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Microeconomic Foundation of the Modern


Consumption Theory

The theory is based on the consumer choice theory and


forms the basis for modern macroeconomic model of
consumption and asset pricing.

Consider an individual who lives for 2 periods.


Date 1 (subscript 1) denotes current or today and date 2
(subscript 2) denotes future.

Period 1 Budget Constraint

(2) C1 = Y1 S

Y1 = period one income

S = period one saving (if S > 0) or borrowing


(if S < 0). N.B. There is no need to save in period 2.

Period 2 Budget Constraint

(3) C2 = Y2 + (1+r) S

r = real rate of interest (the opportunity cost or real


price of consumption)

We can combine these two budget constraints


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From (2) S = Y1 C1

and by substituting it into (3)

C2 = Y2 + (1+r) (Y1 C1)

Expand the bracket to get the budget constraint in term


of period 2 (future) values

C2 + C1(1+r) = Y2 + (1+r) Y1

Divide the above equation through by (1+r), we get the


budget constraint in terms of period 1 (present) value

(4) C1 + C2/(1+r) = Y1 + Y2/(1+r)

This is the individuals intertemporal budget constraint.

It implies that the present-value of consumption equals


the present-value of income.

To represent (4) on a diagram, re-write it as

(5) C2 = [Y1(1+r) + Y2] (1+r) C1

Intercepts:
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If C1 = 0, C2 = [Y1(1+r) + Y2] => Vertical intercept (FV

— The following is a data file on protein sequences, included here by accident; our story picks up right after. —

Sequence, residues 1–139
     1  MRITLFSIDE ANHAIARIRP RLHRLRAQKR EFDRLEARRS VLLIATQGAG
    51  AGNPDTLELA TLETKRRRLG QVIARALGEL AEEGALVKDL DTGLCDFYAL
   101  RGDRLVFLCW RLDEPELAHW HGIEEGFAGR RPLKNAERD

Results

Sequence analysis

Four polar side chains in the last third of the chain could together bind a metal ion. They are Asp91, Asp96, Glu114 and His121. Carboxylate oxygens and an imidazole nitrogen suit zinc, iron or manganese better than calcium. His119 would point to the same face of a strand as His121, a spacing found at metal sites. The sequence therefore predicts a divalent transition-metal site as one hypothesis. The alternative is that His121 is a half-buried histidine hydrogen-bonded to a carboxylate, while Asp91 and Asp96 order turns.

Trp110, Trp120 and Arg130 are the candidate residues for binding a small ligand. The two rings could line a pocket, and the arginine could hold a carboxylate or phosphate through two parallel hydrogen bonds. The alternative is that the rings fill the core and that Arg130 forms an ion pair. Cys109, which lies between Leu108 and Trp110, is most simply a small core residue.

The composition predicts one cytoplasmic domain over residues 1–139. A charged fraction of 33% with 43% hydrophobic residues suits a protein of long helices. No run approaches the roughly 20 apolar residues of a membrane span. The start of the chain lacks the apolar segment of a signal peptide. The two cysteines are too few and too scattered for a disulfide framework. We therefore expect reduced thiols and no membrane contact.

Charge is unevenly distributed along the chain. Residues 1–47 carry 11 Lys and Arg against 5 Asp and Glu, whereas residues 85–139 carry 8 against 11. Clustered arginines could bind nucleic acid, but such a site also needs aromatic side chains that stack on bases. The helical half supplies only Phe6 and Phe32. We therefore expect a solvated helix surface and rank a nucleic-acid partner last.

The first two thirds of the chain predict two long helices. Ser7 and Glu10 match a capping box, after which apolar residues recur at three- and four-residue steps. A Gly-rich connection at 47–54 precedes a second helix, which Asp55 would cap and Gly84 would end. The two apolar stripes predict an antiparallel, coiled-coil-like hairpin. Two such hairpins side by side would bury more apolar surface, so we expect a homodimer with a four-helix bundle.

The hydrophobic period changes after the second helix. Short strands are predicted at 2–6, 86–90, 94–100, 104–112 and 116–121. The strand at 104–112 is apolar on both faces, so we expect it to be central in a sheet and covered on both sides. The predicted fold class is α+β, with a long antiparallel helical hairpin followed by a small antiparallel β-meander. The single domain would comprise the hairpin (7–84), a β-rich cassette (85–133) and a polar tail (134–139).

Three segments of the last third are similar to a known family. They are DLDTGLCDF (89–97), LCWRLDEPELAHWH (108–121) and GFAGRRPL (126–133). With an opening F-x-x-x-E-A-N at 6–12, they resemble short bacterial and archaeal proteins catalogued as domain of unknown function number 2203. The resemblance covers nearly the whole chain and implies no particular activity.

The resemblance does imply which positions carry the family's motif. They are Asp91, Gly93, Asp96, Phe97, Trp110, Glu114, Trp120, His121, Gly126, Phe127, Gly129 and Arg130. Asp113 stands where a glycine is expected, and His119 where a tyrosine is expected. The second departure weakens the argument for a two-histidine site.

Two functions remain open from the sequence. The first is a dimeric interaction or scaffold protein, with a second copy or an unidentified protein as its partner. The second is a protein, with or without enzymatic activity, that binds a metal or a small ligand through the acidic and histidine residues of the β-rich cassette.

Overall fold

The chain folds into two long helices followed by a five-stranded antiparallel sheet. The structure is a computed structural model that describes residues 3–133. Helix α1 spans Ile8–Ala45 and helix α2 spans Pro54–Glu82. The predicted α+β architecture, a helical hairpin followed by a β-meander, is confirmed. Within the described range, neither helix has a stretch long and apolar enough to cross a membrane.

of income)
If C2 = 0, C1 = [Y1 + Y2/(1+r)] => Horizontal intercept
(= PV of income)

Future

Slope = -(1+r)
Y20

Y10 Today

Given an income of (Y10, Y20) what does this person


choose for C1 and C2?

Below is some basic microeconomic theory of


consumer preferences.
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PREFERENCES

An individuals preferences for consumption over two


goods can be shown by indifference curves (IC).

Let the goods be current consumption C1 and future


consumption C2. Each indifference curve (IC)
connecting various combinations of C1 and C2
represents a particular and equal level of satisfaction
(called utility in economics).

The IC slopes downward (due to trade-offs between C1


and C2, giving up some of one good to have more of the
other good while keeping you equally satisfied!) and
convex towards the origin (due to the assumption of
preferring averages rather than extremes, some cokes
and pizzas rather than many pizzas or cokes and
nothing else!)

C2

Utility level A (higher than B)

Utility level B
C1
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Slope of an indifference curve is called the marginal


rate of substitution, MRS. That is, it indicates the rate
at which an individual is willing to trade current for
future consumption.

Note: For a consumer, indifference curves cannot cross.


Why? If A is preferred B and B is preferred to C, then
A should be preferred to C, right? That is, your
preference should be consistent and logical! This also
rules out any upward sloping indifference curve
because it violates the assumption of more is better.

ua ub (ua > or < ub?)

C2

f
e

(f>e cant lie on the same IC!)

C1

The ICs above all violate the assumption of either they


cannot cross or more is better
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Some indifference curves are not convex but can be


negatively sloped straight lines (if the two goods are
perfect substitutes) or even L shaped (if the two goods
are perfect complements or always consumed in a fixed
proportion).

C2

C1 and C2 are perfect complements

C1 and C2 are perfect substitutes

C1
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OPTIMAL CONSUMPTION CHOICE IN A TWO


PERIOD MODEL

The choice of C1 and C2 that maximises the consumers


utility is given by the point of tangency between the
highest attainable indifference curve and the budget
constraint.

C2 e1

e*

e2

C1

Note that e1 and e2 are inefficient as you could move


onto a higher indifference curve (higher utility), given
the budget constraint. If the indifference curve is above
the budget constraint, it is not attainable given the
budget constraint. Only e* is the utility maximizing
choice.